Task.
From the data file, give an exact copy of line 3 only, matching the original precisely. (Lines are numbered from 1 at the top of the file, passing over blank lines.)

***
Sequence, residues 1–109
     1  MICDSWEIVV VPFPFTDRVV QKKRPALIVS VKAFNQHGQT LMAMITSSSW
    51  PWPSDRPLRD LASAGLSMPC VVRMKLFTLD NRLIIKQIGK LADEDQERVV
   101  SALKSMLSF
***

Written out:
    51  PWPSDRPLRD LASAGLSMPC VVRMKLFTLD NRLIIKQIGK LADEDQERVV